by Ingrid Nifosi-Sutton
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The remedial practice of the European Court of Human Rights (“ECtHR” or “Court”) is hardly known for being innovative or progressive. The reparations the Court uses to remedy violations of the 1950 European Convention of Human Rights (“ECHR”) generally consist of declaratory judgments that establish breaches of Convention rights coupled with, depending on the circumstances, damages. Nevertheless, in some instances involving violations of the right to property and the right to liberty and security between 1995 and 2004, the Court has adopted a more proactive, innovative approach to redressing violations by requesting respondent states to provide specific non-monetary relief to victims.
This article explores whether the Court’s new and bold remedial strategy, aimed at ordering restitutio in integrum and the adoption of legal and administrative measures, has been systematic and whether it has been applied to remedy violations of Convention rights other than the right to property and the right to liberty and security. In doing so, this article takes a right to health perspective. It analyzes whether the ECtHR, between 2002 and 2009, has ordered specific non-monetary reparations concerning violations of the right to health of prisoners and detainees, arising under Article 3 of the ECHR’s fundamental prohibition of torture or inhuman or degrading treatment or punishment (hereinafter “Article 3”).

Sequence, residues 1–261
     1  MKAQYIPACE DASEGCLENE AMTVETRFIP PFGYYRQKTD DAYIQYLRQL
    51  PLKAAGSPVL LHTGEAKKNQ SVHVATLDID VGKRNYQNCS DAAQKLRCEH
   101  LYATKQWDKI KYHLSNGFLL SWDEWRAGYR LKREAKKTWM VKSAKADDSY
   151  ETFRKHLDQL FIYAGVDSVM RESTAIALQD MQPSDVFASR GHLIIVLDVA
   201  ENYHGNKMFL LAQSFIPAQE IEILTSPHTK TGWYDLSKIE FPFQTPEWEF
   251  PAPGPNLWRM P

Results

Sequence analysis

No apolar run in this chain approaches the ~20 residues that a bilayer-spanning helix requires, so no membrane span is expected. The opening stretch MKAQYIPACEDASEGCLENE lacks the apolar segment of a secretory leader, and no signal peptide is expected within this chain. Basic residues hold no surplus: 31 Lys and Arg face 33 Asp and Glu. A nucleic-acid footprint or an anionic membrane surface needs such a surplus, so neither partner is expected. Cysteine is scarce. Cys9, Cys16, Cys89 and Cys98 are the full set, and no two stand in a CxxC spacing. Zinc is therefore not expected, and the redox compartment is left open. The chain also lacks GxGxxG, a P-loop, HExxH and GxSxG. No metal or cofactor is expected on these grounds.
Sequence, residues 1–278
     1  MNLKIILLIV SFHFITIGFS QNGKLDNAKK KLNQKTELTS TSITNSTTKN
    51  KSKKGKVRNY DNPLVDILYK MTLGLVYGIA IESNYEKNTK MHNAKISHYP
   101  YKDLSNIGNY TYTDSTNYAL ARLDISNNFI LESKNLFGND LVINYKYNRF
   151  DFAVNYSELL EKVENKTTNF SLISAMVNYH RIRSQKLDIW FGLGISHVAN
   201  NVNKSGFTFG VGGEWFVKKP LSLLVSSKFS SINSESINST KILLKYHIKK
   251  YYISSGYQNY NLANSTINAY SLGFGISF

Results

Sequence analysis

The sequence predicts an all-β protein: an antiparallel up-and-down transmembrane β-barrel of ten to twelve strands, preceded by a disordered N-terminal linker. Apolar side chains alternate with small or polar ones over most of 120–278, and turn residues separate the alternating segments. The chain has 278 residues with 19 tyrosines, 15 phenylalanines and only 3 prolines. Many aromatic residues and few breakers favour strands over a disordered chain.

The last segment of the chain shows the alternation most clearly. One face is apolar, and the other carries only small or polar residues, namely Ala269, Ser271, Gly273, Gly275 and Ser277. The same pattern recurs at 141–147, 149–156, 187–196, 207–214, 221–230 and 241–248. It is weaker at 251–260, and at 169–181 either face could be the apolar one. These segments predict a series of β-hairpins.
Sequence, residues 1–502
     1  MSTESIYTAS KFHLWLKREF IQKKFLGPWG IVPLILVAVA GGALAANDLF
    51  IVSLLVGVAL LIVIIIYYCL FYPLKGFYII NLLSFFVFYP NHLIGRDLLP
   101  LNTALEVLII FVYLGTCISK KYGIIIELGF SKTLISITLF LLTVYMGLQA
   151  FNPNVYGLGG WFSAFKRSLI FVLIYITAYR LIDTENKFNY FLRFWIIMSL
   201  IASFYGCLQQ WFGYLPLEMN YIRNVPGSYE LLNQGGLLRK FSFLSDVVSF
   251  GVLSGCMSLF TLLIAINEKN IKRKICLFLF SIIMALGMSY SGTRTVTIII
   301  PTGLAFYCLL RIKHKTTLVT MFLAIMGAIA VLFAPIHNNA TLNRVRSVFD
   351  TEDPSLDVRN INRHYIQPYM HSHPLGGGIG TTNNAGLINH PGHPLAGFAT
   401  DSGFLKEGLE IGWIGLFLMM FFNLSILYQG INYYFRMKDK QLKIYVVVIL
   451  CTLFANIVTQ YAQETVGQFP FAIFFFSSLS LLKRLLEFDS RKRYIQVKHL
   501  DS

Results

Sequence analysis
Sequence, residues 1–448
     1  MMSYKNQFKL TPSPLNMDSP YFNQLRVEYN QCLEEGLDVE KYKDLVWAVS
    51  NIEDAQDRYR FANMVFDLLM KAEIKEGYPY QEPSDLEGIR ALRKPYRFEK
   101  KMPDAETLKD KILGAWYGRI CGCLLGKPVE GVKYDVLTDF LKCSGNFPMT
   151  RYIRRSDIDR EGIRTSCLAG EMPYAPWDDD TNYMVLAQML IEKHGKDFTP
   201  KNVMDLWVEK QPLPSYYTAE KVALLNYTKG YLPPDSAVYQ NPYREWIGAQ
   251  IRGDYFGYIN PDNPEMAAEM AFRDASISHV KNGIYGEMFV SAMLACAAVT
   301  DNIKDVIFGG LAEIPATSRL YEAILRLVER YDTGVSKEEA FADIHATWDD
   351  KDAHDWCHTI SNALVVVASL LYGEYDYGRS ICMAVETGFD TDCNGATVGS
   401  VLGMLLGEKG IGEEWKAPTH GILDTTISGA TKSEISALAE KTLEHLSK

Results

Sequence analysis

This article begins with an elucidation of the ECtHR’s jurisdiction to afford reparations and an analysis of the Court’s remedial strategy, highlighting the Court’s willingness to order specific non-monetary relief. It then looks at the protection of social rights under the ECHR and how the Court has interpreted Article 3 to include the right to health of persons deprived of their liberty. From there, this article undertakes a review of the relevant case law under Article 3 to determine: 1) whether the Court has extended its bold, new remedial approach to redress right to health violations that occurred in detention places and were deemed to be violations of Article 3, and 2) what significance, if any, such bold reparations may have for the implementation of the right to health. This article concludes that there has been no extension of the new remedial approach to redress violations of the right to health of prisoners and detainees using Article 3 of the ECHR. It then provides rationales for such an extension and outlines a two-pronged remedial scheme indicating non-monetary reparations that could be ordered to redress right to health violations that fall within the scope of Article 3.